The Joint Committee on Landmarks has designated the Main Gate of the Washington Navy Yard a Category II Landmark which contributes significantly to the cultural heritage and visual beauty of the District of Columbia. Designed by Benjamin Latrobe, one of America's foremost early architects, and built in 1805-06, the Main Gate is probably the oldest extant example of Greek Revival architecture in the country. It was one of the first structures built at the Washington Navy Yard and has been in continuous use as the principal entrance to the Yard since 1806. The Main Gate is a noteworthy architectural design, displaying both an imaginative use of Greek forms and a well-conceived plan. In spite of substantial alterations to the structure which occurred in 1880 and 1881 when a large, three-story, late Victorian building was constructed around and over it, the Main Gate merits listing in the National Register.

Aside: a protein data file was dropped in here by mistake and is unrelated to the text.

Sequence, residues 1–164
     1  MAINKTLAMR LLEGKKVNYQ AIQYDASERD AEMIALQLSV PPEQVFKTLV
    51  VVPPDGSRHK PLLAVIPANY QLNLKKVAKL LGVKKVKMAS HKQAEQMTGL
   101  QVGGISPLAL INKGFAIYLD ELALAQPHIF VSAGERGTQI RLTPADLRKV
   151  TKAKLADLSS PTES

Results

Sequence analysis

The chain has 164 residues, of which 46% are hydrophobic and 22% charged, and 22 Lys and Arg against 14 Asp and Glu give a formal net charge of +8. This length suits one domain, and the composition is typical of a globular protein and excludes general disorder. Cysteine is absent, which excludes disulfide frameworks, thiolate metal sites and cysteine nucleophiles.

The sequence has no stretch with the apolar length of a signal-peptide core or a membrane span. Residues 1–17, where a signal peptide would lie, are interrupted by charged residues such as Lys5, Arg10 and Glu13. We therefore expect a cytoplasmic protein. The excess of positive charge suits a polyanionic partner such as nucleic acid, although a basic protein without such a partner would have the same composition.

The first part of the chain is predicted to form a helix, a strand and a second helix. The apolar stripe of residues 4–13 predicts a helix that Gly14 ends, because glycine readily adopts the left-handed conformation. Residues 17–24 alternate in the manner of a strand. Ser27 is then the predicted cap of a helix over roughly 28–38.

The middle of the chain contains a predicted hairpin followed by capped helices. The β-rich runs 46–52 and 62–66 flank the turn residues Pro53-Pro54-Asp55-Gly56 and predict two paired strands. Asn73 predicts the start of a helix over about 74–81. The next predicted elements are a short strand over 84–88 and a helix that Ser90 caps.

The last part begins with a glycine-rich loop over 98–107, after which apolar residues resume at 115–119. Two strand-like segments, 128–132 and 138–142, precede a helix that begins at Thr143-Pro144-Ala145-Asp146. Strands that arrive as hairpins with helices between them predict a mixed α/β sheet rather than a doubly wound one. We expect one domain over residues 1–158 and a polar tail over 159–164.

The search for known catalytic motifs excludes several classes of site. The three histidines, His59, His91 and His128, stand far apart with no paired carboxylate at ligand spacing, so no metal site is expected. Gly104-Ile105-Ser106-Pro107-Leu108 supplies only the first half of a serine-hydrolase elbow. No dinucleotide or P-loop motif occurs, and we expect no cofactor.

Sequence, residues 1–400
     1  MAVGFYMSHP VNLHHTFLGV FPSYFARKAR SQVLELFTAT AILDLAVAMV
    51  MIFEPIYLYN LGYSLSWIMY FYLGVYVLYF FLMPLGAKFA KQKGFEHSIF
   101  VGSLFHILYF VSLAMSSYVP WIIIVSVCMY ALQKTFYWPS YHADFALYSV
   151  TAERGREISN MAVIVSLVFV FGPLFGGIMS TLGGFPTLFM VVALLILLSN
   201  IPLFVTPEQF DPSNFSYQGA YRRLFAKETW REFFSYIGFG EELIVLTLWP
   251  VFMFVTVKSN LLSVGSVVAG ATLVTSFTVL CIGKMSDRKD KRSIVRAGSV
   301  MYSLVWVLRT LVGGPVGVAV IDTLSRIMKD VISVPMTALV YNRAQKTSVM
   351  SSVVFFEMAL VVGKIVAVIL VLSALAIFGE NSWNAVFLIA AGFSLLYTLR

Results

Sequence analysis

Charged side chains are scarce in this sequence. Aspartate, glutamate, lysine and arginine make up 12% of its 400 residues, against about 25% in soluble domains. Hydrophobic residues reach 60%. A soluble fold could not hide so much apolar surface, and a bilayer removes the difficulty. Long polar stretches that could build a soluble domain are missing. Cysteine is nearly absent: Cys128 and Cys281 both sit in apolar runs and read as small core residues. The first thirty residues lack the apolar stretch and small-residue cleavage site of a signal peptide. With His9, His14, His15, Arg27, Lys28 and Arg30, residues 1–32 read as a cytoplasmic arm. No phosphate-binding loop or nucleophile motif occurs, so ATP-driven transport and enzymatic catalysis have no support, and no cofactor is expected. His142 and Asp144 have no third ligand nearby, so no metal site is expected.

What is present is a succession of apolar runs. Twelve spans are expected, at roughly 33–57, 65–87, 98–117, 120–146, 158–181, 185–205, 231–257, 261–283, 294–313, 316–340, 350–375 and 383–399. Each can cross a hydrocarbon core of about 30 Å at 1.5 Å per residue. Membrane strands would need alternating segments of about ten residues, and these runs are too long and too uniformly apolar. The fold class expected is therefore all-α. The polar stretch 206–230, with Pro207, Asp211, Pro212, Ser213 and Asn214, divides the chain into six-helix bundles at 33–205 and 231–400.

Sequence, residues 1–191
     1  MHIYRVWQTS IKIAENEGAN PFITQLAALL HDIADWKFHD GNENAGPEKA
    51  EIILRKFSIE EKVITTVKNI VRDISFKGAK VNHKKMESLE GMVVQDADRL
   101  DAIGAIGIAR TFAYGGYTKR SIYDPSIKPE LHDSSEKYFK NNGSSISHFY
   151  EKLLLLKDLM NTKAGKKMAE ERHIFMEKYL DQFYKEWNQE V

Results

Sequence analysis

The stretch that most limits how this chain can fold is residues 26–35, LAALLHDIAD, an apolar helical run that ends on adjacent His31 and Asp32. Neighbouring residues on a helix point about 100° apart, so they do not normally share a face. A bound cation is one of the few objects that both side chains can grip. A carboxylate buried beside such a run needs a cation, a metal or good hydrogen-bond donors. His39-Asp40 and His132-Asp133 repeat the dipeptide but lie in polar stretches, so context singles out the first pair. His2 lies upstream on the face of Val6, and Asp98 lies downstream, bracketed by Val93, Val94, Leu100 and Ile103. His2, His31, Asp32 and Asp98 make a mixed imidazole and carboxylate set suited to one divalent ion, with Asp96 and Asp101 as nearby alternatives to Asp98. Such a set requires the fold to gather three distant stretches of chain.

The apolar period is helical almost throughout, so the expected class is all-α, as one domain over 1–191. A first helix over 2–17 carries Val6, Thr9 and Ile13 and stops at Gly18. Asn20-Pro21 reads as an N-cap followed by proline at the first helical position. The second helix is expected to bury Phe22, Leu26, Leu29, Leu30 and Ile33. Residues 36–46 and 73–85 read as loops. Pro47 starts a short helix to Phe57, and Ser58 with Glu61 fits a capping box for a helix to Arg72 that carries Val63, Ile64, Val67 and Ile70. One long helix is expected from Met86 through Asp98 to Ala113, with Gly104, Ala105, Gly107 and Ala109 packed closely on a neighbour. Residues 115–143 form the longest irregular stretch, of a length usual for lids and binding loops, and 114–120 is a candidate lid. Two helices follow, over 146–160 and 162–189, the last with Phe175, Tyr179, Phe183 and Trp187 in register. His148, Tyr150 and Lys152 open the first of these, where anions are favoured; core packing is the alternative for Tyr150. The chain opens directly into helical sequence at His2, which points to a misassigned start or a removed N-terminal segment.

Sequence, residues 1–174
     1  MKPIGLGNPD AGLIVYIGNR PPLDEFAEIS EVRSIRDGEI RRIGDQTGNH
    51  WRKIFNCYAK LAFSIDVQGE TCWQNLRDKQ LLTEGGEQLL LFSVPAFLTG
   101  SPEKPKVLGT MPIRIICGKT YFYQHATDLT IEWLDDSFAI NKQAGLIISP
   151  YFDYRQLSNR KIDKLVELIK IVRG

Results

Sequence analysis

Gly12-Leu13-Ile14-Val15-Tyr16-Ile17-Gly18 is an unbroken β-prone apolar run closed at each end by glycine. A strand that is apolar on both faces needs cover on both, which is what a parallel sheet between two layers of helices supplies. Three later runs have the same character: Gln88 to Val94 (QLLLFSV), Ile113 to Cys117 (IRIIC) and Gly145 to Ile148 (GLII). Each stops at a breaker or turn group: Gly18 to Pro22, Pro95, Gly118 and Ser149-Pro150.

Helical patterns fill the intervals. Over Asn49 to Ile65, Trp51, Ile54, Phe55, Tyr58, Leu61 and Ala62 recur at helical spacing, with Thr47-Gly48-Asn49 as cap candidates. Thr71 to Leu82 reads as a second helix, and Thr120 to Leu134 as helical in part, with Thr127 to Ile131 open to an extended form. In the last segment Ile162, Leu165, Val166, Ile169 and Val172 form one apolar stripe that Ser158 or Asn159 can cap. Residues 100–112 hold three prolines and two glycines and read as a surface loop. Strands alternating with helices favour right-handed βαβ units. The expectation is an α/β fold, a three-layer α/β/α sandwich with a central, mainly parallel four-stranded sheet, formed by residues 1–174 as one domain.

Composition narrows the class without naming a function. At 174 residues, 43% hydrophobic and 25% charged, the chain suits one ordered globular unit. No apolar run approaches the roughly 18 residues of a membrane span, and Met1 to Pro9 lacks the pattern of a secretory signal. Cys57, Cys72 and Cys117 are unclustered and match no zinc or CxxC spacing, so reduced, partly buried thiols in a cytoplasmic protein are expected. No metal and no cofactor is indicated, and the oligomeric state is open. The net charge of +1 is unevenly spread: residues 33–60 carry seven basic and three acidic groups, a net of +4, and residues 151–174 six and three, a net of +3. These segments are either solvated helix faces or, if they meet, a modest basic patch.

The Washington Navy Yard was this country's most important early naval yard. Land for the installation was acquired in 1799 and 1800, and in 1802 President Jefferson asked Benjamin Latrobe to draw up plans for a dry dock and repair facility at the Yard. Congress rejected Latrobe's plans, but Jefferson persuaded Latrobe to take the post of Surveyor of the Public Buildings of the United States in 1803, although Latrobe did not establish a permanent residence in Washington until 1807.
In 1804 after disputes with the Tripoli pirates and the European powers provided an impetus for naval construction, Latrobe was designated "Engineer of the Navy Department" and asked to draw up a master plan for the sparsely developed Washington Navy Yard. The plan was completed in 1804, and construction began in 1805.
Work on the Main Gate was started in 1805 and completed in 1806. It was one of the first Latrobe structures completed at the Navy Yard and the only extant structure definitely attributable to Latrobe. Writing to Secretary of the Navy Robert Smith in 1804, Latrobe states: